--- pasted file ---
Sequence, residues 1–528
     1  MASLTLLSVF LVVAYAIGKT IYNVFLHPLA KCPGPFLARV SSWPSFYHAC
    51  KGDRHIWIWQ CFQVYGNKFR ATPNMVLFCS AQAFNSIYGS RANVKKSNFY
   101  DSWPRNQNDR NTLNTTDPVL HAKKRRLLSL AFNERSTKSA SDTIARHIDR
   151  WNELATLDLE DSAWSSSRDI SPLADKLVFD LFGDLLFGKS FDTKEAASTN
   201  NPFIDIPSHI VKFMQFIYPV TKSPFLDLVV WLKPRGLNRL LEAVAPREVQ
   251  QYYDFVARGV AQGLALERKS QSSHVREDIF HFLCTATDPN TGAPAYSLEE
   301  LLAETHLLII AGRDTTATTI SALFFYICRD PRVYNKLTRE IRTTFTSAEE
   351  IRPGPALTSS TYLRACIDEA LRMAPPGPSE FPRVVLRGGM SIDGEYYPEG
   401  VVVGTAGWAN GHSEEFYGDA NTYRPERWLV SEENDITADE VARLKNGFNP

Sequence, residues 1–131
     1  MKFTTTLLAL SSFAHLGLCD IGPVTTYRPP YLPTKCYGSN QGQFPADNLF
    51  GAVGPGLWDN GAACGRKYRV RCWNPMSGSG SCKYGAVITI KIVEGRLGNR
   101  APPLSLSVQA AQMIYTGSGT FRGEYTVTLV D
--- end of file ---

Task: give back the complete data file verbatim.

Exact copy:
Sequence, residues 1–528
     1  MASLTLLSVF LVVAYAIGKT IYNVFLHPLA KCPGPFLARV SSWPSFYHAC
    51  KGDRHIWIWQ CFQVYGNKFR ATPNMVLFCS AQAFNSIYGS RANVKKSNFY
   101  DSWPRNQNDR NTLNTTDPVL HAKKRRLLSL AFNERSTKSA SDTIARHIDR
   151  WNELATLDLE DSAWSSSRDI SPLADKLVFD LFGDLLFGKS FDTKEAASTN
   201  NPFIDIPSHI VKFMQFIYPV TKSPFLDLVV WLKPRGLNRL LEAVAPREVQ
   251  QYYDFVARGV AQGLALERKS QSSHVREDIF HFLCTATDPN TGAPAYSLEE
   301  LLAETHLLII AGRDTTATTI SALFFYICRD PRVYNKLTRE IRTTFTSAEE
   351  IRPGPALTSS TYLRACIDEA LRMAPPGPSE FPRVVLRGGM SIDGEYYPEG
   401  VVVGTAGWAN GHSEEFYGDA NTYRPERWLV SEENDITADE VARLKNGFNP

Sequence, residues 1–131
     1  MKFTTTLLAL SSFAHLGLCD IGPVTTYRPP YLPTKCYGSN QGQFPADNLF
    51  GAVGPGLWDN GAACGRKYRV RCWNPMSGSG SCKYGAVITI KIVEGRLGNR
   101  APPLSLSVQA AQMIYTGSGT FRGEYTVTLV D